Culturally, we’re traveling down the descending colon of a flooded society. K quells our panic. Anesthetized to our cities, our spaces, our own bodies being hollowed out and re-stuffed with ugliness by the tentacles of private equity. K is a self-driving Tesla moving past a parade of gyrating transexuals, menacing derelicts, platters of clicking insects, and fitness ads with obese amputees in tight leggings.
K obliterates the sex drive and opens the eyes and ears. You can absorb anything, no matter how terrifying, and enjoy it because your panic neurons are unplugged from the rest of your brain. Past drugs-of-the-moment enhanced neural connections, we saw more, scraped more meaning from the world, understood music and art more deeply. K does the opposite. There are no great insights. No mind blowing moments of one-ness with nature. It dulls inputs to the point where you can handle anything. There’s no better drug for sitting your white ass down and listening.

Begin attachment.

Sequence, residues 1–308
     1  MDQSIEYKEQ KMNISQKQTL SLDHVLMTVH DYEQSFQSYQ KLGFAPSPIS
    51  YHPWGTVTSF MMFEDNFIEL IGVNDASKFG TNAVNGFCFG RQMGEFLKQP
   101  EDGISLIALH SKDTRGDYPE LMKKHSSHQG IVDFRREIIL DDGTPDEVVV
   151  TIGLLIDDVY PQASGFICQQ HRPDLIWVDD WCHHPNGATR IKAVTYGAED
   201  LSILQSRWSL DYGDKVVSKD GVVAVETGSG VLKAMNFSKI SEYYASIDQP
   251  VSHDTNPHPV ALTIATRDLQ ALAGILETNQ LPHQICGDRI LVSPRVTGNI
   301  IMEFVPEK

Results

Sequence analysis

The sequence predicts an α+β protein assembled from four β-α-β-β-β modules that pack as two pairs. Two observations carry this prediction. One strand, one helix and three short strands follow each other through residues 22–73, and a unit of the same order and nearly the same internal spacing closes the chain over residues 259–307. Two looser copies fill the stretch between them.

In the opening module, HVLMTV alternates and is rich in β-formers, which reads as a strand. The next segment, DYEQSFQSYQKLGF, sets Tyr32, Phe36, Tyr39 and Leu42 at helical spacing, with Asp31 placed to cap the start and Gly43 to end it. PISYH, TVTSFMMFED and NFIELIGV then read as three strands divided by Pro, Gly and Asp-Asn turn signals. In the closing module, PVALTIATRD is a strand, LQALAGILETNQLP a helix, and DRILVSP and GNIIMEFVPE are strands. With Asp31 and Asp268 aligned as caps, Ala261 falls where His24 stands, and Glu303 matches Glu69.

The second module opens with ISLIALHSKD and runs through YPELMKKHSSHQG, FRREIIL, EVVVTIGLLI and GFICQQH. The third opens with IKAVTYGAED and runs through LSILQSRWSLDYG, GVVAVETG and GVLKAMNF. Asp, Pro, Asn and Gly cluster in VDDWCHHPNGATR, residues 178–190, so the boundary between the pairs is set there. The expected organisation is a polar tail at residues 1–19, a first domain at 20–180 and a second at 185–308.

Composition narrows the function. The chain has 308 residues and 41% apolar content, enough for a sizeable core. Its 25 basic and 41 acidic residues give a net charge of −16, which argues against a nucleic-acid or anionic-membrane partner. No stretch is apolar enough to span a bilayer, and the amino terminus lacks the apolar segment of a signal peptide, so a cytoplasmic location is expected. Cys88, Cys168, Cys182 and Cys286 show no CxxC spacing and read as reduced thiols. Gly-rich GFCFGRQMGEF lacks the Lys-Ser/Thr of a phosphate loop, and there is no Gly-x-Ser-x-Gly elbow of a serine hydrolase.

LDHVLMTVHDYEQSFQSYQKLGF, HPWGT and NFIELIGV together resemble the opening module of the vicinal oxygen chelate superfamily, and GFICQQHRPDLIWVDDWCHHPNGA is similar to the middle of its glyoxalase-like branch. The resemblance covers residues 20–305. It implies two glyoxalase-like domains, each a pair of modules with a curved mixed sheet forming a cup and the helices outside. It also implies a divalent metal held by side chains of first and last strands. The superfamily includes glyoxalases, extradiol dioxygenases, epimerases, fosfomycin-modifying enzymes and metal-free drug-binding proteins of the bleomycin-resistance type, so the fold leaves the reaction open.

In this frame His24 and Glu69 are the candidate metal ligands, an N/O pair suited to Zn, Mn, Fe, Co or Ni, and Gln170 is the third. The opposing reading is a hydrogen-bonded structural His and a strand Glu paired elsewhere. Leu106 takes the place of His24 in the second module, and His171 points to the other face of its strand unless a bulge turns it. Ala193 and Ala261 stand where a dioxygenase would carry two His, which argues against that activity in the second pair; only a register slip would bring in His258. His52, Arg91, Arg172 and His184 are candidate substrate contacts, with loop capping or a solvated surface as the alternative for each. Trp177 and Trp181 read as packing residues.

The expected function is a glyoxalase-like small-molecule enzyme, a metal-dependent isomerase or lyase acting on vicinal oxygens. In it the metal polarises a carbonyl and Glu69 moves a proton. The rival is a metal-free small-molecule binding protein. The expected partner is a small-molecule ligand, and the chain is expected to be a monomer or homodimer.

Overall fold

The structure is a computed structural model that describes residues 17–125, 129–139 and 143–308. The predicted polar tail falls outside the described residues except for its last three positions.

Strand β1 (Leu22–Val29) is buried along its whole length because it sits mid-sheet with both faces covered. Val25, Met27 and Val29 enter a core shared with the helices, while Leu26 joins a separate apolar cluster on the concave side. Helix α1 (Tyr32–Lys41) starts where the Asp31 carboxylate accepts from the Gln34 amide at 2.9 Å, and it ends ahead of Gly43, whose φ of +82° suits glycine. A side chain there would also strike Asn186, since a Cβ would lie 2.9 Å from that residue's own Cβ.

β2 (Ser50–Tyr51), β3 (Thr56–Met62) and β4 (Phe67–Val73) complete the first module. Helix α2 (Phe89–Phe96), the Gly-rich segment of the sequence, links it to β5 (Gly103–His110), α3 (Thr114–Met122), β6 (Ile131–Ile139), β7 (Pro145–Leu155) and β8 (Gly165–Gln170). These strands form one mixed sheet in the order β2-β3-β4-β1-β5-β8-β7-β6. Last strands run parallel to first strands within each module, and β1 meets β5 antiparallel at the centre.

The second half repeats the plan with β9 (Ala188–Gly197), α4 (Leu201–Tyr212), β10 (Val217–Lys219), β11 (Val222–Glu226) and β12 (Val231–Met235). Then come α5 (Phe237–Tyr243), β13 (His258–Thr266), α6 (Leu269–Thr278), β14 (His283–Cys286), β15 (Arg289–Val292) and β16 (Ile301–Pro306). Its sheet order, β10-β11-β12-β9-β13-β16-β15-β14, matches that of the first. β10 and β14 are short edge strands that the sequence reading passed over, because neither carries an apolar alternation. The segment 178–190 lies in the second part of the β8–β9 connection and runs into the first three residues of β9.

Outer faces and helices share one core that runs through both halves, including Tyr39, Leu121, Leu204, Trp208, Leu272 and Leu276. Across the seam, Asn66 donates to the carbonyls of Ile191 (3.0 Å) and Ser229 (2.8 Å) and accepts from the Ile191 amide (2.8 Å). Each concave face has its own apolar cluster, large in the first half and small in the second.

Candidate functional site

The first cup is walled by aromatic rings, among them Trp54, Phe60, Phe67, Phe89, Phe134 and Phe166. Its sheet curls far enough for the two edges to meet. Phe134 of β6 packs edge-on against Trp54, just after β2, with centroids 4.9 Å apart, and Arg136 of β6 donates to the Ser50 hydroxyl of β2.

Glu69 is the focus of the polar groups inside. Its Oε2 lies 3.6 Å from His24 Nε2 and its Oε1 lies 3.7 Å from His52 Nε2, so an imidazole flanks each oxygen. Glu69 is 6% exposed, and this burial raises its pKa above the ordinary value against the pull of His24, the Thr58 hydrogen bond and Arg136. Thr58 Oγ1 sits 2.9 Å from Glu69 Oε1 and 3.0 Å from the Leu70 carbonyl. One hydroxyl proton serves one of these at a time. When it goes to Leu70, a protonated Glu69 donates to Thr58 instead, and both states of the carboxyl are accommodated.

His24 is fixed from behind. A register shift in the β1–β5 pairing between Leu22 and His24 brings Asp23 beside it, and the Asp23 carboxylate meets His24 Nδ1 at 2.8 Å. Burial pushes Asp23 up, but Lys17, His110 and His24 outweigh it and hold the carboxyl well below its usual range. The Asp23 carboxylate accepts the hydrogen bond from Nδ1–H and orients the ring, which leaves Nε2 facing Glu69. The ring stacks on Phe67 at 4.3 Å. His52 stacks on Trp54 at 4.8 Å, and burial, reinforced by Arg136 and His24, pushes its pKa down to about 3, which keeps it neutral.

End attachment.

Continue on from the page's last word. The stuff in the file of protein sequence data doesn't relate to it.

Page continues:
Today, we’re meant to only view the world. To sit in our Work.Play.Live lofts absorbing lights and sounds, and pressing buttons to receive more lights and sounds. To look but never touch. The touching, the occupying of space, is only for our masters and their orc army.
The good news? Our Iron Prisons are floating downwards, descending through the colon, the anus opening visible ahead. We’re almost out. In the meantime, nothing wrong with a little K to soften the bumps.
The Carousel is a reader-supported publication.
Nice report from the other side. I'm surprised you didn't get into the fact that K is being used to "cure" depression and anxiety. Like many cures for these disorders, I'd like to know what changes, and what is lost. We used to just want to be happy...now we want to be nonexistent.
Excellent. It's nice to hear from a professional.